Former Secretary of State George P. Shultz’s Mea Culpa on the War on Drugs

A Unique Perspective of the War on Drugs

George Shultz has fought the war on drugs. He worked as the Secretary of State during the Reagan Administration when First Lady Nancy Reagan failed to significantly decrease drug abuse with her well-intended, yet overly simplistic, “Just Say No” campaign.

He has a unique perspective on the current drug crisis, since he’s fought in the trenches. Therefore, it’s especially significant that he now admits we have used the wrong tactics and are losing the battle. George P. Shultz and Pedro Aspe provide an accurate and sensible analysis of the current drug crisis in a recent New York Times article.

As Shultz and Aspe correctly point out, supply is not the major contributor to the drug crisis. In fact, the focus on restricting supply “has ruined lives, filled prisons and cost a fortune.” At the same time, it “has done little to curtail drug abuse.”

Winning the War on Drugs

Some policymakers and media outlets would like to simplify the drug crisis. They blame the overprescribing of opioids and inappropriate marketing efforts of Pharma for most of the problem.

However, the issue is far more complicated than that. There is nothing simple about the drug crisis.

Finding solutions won’t be easy, but our efforts must begin by correctly identifying the myriad causes. There is blame enough to go around for everyone, so singling out a few will only exacerbate the problem. We must begin to solve the opioid crisis through a multi-pronged approach.

Some of our elected officials continue to believe we should rely on our criminal court system to penalize people who abuse opioids or use illicit drugs. Lately, they’ve even demonstrated a conviction that people in pain who use prescription opioids appropriately, and the doctors who prescribe them, are also criminals. I have received hundreds of emails from pain patients who tell me that their doctors consider them to be drug seekers, and I hear stories such as this one that illustrate how pain doctors, too, can be in the line of fire.

Incarcerating minor drug offenders has done nothing to help solve our drug problem. Arguably, it has exacerbated the problem.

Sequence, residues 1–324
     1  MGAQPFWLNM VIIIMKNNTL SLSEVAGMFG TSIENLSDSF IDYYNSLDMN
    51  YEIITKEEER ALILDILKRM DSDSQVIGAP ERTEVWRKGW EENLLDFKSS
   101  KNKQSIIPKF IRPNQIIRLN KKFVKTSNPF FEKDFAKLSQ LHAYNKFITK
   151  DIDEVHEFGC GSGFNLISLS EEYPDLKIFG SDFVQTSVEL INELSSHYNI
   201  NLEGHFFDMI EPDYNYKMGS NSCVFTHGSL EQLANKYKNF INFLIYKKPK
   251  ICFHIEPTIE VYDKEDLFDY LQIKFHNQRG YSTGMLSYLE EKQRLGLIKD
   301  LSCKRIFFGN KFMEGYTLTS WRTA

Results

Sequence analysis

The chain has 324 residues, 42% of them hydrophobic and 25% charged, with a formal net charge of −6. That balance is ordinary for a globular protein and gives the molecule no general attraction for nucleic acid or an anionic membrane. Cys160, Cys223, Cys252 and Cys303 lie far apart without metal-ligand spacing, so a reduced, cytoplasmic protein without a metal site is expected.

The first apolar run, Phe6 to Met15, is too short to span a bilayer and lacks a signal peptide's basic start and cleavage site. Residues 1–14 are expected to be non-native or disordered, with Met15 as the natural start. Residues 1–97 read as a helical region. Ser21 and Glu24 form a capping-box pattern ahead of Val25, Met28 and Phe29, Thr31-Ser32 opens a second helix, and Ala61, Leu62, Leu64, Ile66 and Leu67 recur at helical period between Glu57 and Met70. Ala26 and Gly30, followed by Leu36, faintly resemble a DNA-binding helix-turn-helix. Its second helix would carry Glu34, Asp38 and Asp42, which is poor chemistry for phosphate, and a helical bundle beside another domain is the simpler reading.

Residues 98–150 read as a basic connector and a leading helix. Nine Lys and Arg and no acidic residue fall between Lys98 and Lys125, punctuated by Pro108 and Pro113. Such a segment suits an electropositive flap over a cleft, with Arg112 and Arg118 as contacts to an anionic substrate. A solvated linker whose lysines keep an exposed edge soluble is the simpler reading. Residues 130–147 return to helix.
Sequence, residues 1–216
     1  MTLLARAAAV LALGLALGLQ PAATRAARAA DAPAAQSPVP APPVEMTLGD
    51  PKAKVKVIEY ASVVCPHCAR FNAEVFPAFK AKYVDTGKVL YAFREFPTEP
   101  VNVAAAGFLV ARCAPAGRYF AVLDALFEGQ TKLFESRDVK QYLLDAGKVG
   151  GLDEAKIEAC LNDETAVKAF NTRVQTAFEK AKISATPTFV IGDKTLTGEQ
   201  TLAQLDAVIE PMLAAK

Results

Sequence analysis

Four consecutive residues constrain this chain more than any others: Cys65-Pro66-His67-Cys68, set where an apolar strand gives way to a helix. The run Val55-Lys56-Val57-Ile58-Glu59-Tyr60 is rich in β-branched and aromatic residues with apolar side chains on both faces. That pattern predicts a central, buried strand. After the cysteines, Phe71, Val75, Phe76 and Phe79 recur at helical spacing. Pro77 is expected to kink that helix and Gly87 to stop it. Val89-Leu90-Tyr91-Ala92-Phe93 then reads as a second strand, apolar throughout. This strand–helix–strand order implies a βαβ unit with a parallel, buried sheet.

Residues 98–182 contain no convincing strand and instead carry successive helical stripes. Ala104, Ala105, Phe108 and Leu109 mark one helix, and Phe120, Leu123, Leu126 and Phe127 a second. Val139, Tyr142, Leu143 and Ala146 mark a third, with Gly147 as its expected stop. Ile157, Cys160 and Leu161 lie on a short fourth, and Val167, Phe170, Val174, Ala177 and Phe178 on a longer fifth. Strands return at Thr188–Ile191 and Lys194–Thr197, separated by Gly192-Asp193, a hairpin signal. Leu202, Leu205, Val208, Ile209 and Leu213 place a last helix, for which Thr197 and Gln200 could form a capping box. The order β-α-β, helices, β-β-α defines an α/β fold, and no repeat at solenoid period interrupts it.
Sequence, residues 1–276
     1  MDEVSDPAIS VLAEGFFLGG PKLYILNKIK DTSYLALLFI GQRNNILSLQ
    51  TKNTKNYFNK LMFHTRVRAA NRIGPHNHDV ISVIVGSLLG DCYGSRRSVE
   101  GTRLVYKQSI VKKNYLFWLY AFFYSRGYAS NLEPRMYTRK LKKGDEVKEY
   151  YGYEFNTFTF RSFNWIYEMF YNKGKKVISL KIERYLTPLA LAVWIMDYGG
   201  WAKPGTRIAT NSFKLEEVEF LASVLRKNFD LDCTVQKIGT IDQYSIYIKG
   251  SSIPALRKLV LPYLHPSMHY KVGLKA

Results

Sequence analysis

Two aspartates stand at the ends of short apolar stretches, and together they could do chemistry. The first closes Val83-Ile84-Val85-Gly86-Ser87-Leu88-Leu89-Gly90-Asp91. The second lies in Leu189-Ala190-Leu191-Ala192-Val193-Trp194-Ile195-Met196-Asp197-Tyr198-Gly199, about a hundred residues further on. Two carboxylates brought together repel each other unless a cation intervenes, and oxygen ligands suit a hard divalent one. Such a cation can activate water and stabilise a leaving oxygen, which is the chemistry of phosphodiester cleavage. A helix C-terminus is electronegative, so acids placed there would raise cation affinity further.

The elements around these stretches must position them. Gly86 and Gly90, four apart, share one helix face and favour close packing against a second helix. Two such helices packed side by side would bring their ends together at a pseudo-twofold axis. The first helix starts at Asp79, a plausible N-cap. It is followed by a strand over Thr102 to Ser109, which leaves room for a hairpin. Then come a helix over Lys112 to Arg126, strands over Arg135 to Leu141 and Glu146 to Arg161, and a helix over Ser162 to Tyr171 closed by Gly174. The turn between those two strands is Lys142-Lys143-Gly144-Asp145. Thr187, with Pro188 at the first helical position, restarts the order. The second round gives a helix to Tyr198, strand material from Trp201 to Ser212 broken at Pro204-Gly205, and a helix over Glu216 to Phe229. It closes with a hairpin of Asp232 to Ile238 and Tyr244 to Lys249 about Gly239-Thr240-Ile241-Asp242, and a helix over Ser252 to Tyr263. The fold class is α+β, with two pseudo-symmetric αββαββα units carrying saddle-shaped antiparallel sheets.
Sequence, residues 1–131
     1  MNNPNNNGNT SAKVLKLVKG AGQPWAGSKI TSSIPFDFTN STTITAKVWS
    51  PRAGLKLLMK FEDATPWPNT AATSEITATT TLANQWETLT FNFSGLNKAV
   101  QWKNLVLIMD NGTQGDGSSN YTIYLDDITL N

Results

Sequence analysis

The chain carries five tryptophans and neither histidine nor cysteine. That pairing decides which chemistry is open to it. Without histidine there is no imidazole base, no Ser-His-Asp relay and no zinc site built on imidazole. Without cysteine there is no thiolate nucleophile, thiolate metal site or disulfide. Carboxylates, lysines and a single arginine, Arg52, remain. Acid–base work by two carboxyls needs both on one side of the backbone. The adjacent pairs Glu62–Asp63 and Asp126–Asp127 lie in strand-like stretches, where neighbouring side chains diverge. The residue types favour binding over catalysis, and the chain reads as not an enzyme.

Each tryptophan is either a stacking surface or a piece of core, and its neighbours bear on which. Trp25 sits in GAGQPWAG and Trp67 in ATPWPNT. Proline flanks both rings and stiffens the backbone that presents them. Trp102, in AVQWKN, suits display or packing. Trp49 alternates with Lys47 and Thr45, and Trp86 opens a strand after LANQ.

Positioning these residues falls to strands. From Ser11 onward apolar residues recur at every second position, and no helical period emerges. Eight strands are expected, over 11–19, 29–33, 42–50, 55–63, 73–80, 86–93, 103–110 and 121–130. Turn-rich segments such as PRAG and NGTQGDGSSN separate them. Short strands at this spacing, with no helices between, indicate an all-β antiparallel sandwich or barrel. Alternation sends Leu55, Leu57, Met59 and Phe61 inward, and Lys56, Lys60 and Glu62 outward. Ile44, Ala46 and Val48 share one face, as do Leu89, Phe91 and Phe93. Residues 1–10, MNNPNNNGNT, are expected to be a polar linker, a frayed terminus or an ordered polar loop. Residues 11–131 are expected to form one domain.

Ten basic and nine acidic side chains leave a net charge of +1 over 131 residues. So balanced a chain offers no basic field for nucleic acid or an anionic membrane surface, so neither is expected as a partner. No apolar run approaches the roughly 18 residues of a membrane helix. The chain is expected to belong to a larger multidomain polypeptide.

Researchers at RTI International and Temple University found that providing drug abuse treatment instead of prison sentences could reduce crime rates and save billions of dollars. According to BLVD Centers, “if just 10 percent of eligible offenders were treated in community-based programs instead of going to prison, the criminal justice system would save $4.8 billion as compared with current practices.”

Incarcerations don’t improve drug-seeking behaviors. They actually worsen them by making it more difficult for offenders for obtain an education, create fulfilling careers, develop support systems, and maintain positive relationships. Once convicted, they are caught in a system that scars them for life.

Socio-Economic Conditions Contribute to the Epidemic

Across the United States, programs are underway to educate people about the dangers of substance abuse. Substance Abuse and Mental Health Administration’s (SAMHA) Center for the Application of Prevention Technologies provides links to some of these resources.

Education is part of the solution, but we also have to focus on the socio-economic factors that drive demand. As I said in my blog, hopelessness contributes as much to the drug crisis as overprescribing.

Wayne Drash and Max Blau describe the horrific social factors contributing to the heroin epidemic in Huntington, West Virginia. They show how economic insecurity, desolation, and hopelessness contribute to the problem in vulnerable communities. Sam Quinones covers the same subject in his book, Dreamland: The True Tale of America’s Opiate Epidemic.

Incarceration for substance abusers will not decrease the demand for drugs. However, if society puts its resources toward addressing the socio-economic realities and biological drivers that lead to drug abuse, these education programs stand a chance of helping.

Reason tells us that we must change our approach.

Learning What Creates the Demand for Drugs

Decreasing the drug supply by increasing criminal penalties for offenders will not solve the problem. Nor will it prevent people in pain from going to the street. Learning what creates demand for drugs, on the other hand, will help.

In addition, we should provide those with substance abuse disorder with the opportunity to get help. It makes eminent sense when Shultz and Aspe state, “…we must create well-staffed and first-class treatment centers where people are willing to go without fear of being prosecuted and with the confidence that they will receive effective care.” Providing access to affordable treatment is critical to curbing the crisis.

Understanding the complexity of the drug problem and addressing its elements, through funding and research, is the only reasonable path. We must let compassion lead us forward but allow science to light the way.™

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